Running For Ruth - Dedicated to Improving The Lives of Kids Living With Type 1 Diabetes And Type 2 Diabetes.  Committed to raising diabetes awareness through community outreach...

In Loving Memory of Ruth Myers
March 15, 1949 - December 16, 2014

​​My Mom passed away on 12/16/14 from complications resulting from diabetes. She was an amazing woman. I thought that it was only fitting to share my Eulogy for her on the website that was started to honor her. I realize that the Eulogy is a little long but I wanted people to know her story and understand her struggles.


In Loving Memory of Ruth Myers…

“And in the end, it’s not the years in your life that count. It’s the life in your years.” – Abraham Lincoln

 So we are here today to say goodbye to someone who was incredibly special to all of us. To those who are here with us today she was many different things. She was a mother, an aunt, a sister, a grandmother. For others here she was just a great friend. She was the kind of mother who always put her children above everything else, especially in the last several years of her life when her struggle with diabetes and its complications was at its worst. Her struggles and her pain would never get in the way of her being there for us kids. She was the kind of grandmother who would stop the earth for her grandkids. She was the kind of grandmother who, even though had very modest means, would always find a way to make Christmases special for her grandkids. For those of you knew her as Aunt Ruth, Sis, or a great friend, then you experienced the same beautiful and loving Ruthie that we experienced as children and grandchildren. She was one of the most genuine people that you could ever hope to meet. She always welcomed you with a warm, caring smile, and if you were at her home she welcomed you with a warm, delicious meal.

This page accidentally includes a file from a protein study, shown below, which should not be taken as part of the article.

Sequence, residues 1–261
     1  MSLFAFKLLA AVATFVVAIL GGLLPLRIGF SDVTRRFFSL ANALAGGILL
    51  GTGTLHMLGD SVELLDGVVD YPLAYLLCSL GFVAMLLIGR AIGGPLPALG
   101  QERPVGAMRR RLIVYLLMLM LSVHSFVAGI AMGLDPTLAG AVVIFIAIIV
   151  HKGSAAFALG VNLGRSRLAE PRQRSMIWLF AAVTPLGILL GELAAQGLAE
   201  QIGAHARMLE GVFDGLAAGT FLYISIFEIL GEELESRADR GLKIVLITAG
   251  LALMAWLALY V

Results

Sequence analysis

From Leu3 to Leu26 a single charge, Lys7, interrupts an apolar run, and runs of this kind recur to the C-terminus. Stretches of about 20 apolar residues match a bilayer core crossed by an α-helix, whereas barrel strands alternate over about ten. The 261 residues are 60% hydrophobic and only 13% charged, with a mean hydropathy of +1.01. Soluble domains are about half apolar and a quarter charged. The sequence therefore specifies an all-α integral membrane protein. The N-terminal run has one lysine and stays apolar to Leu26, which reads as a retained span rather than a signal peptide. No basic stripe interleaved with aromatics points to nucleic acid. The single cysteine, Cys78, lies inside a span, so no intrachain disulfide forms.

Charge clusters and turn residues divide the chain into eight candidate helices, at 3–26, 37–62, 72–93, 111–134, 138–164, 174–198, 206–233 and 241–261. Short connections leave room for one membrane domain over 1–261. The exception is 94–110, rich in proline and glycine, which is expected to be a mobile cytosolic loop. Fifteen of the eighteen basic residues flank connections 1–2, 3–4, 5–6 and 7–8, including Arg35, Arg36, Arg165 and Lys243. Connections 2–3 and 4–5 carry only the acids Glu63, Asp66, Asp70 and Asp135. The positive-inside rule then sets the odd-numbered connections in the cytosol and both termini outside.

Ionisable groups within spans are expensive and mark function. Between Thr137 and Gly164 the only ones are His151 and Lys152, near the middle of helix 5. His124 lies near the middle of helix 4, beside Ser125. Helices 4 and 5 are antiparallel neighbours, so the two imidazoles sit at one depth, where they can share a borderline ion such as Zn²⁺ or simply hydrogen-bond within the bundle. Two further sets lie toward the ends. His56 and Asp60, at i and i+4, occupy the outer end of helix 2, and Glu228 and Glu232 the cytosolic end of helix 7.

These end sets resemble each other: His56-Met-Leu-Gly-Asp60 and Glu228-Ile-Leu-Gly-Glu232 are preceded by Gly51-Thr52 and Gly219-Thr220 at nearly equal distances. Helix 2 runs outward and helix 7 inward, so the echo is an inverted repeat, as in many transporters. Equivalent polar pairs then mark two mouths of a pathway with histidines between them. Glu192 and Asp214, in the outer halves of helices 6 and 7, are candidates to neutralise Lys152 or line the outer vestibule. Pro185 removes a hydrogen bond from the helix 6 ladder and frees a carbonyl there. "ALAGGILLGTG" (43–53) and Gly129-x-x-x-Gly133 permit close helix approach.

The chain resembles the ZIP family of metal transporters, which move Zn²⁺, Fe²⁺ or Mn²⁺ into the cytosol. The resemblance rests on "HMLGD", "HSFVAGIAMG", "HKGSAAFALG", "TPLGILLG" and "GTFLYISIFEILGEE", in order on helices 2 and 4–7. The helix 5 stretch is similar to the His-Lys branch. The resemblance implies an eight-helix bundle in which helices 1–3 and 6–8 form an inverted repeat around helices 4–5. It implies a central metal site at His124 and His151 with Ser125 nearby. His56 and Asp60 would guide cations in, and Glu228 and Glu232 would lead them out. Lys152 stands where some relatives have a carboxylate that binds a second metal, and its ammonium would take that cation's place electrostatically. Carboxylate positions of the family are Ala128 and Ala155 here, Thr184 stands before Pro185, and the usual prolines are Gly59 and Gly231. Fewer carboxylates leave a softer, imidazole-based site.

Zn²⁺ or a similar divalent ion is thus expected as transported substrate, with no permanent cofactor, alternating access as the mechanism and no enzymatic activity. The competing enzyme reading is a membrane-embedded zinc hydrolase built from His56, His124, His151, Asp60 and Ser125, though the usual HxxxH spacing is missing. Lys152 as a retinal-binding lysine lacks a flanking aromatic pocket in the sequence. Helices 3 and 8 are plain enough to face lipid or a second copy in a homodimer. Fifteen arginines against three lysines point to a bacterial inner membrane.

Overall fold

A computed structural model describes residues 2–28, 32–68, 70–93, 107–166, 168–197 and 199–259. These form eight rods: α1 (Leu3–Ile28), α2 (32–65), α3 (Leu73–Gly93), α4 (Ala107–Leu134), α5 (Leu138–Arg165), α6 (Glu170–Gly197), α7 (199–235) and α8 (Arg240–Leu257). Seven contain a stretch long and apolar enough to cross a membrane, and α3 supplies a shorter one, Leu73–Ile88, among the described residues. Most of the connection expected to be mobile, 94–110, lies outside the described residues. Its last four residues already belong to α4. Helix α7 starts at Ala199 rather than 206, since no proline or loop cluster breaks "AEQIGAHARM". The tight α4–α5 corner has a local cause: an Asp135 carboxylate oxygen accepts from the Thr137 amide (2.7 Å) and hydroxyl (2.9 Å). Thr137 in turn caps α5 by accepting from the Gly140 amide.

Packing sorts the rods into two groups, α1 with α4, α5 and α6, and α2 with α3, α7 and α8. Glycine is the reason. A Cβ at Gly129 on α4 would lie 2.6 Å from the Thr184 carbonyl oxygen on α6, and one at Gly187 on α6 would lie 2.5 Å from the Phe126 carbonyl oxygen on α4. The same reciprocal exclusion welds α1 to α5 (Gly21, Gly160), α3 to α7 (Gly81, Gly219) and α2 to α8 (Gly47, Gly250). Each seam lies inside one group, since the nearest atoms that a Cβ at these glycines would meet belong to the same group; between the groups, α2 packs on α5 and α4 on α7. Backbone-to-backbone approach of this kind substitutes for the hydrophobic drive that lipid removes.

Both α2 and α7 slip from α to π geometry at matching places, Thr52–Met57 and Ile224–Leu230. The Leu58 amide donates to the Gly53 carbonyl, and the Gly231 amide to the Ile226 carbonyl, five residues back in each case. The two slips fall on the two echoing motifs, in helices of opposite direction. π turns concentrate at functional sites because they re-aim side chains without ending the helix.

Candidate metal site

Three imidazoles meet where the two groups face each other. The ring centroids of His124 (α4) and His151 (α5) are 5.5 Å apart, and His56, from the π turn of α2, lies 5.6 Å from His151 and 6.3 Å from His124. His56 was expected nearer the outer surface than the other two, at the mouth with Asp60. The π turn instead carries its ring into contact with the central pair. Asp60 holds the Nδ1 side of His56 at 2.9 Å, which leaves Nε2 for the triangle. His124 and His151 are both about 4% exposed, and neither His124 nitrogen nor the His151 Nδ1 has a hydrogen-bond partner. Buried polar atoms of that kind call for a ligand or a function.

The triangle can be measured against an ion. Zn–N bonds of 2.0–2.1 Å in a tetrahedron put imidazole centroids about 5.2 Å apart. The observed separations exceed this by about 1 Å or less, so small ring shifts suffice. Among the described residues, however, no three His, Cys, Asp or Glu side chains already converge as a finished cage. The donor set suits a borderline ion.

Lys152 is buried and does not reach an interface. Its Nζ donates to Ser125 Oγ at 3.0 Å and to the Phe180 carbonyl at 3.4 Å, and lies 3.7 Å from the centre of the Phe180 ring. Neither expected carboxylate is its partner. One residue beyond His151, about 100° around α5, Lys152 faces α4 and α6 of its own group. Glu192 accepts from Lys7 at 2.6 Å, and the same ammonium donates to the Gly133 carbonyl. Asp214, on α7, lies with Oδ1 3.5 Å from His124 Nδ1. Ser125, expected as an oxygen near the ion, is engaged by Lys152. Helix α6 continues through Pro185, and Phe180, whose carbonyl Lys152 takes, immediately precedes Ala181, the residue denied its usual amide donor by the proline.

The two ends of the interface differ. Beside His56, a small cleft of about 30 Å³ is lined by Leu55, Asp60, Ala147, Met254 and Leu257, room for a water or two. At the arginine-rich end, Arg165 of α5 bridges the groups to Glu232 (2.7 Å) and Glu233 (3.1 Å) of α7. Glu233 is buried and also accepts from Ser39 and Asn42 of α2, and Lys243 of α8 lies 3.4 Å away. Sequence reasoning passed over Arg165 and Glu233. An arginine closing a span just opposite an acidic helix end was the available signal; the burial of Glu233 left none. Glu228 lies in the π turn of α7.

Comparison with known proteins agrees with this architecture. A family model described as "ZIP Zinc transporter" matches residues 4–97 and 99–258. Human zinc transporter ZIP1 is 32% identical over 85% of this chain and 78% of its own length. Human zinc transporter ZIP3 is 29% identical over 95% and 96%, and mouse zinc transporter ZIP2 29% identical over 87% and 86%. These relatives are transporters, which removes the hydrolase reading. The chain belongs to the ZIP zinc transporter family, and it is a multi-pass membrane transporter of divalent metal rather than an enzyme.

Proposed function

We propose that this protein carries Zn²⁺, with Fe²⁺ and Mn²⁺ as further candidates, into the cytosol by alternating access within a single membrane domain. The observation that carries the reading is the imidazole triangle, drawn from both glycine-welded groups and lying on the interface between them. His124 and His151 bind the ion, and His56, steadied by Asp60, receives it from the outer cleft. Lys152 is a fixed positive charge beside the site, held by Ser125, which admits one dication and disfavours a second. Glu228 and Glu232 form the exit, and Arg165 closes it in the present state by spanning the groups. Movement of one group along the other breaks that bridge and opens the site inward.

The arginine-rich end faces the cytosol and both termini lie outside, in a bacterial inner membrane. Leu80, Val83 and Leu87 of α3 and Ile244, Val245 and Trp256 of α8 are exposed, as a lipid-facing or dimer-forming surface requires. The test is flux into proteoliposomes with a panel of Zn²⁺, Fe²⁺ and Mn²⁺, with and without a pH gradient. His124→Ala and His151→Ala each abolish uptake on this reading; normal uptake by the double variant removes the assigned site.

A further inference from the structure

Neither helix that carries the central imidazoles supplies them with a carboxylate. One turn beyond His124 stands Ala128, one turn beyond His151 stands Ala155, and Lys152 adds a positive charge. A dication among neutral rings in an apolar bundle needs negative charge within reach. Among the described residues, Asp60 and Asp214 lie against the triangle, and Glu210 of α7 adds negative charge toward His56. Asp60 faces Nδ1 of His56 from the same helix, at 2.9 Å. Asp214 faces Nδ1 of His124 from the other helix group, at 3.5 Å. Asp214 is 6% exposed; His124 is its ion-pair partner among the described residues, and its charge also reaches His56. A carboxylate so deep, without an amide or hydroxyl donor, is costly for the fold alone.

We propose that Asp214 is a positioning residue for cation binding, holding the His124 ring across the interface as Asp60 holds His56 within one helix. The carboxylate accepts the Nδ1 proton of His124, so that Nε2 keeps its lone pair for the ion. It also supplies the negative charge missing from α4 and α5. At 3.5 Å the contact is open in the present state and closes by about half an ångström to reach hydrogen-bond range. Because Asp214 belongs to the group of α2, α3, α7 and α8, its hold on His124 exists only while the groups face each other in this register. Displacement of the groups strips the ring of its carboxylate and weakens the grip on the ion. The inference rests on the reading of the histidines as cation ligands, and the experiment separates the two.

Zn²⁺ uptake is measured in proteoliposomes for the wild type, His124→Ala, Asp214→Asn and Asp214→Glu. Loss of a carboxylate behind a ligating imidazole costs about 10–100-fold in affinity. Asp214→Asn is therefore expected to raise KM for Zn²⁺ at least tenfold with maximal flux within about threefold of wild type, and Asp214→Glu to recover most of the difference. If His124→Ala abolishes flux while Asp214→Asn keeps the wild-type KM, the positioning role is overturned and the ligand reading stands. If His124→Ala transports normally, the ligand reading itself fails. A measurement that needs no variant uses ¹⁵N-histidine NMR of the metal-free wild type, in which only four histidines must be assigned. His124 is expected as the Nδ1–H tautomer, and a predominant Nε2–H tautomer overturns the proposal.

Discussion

To some of us and maybe even many of us- she was an inspiration. She fought through odds that many, including myself, thought she could not overcome. And yet somehow she would find a way to fight through one challenge after another. She not only managed to get through one leg amputation but then a second leg amputation. She endured numerous eye surgeries as well as all of the mental and physical fatigues that living a life with diabetes presents. She endured the final shutdown of her kidneys and the transition to dialysis. A few months ago, she was challenged with more heart complications and had to have a pacemaker put in to save her life. Once again she endured. For those of us that live with diabetes, and who truly understand the daily grind of living with this terrible disease, her triumphs are even more amazing. It is incredible to think about her fighting spirit and relentless courage. She was an incredible foe in a difficult 20+ year battle with diabetes that destroyed her body but could not break her soul or her spirit. I only hope that she understands how much pain we have endured with her as she has battled. Her story is one that not many others could tell, nor would want to tell.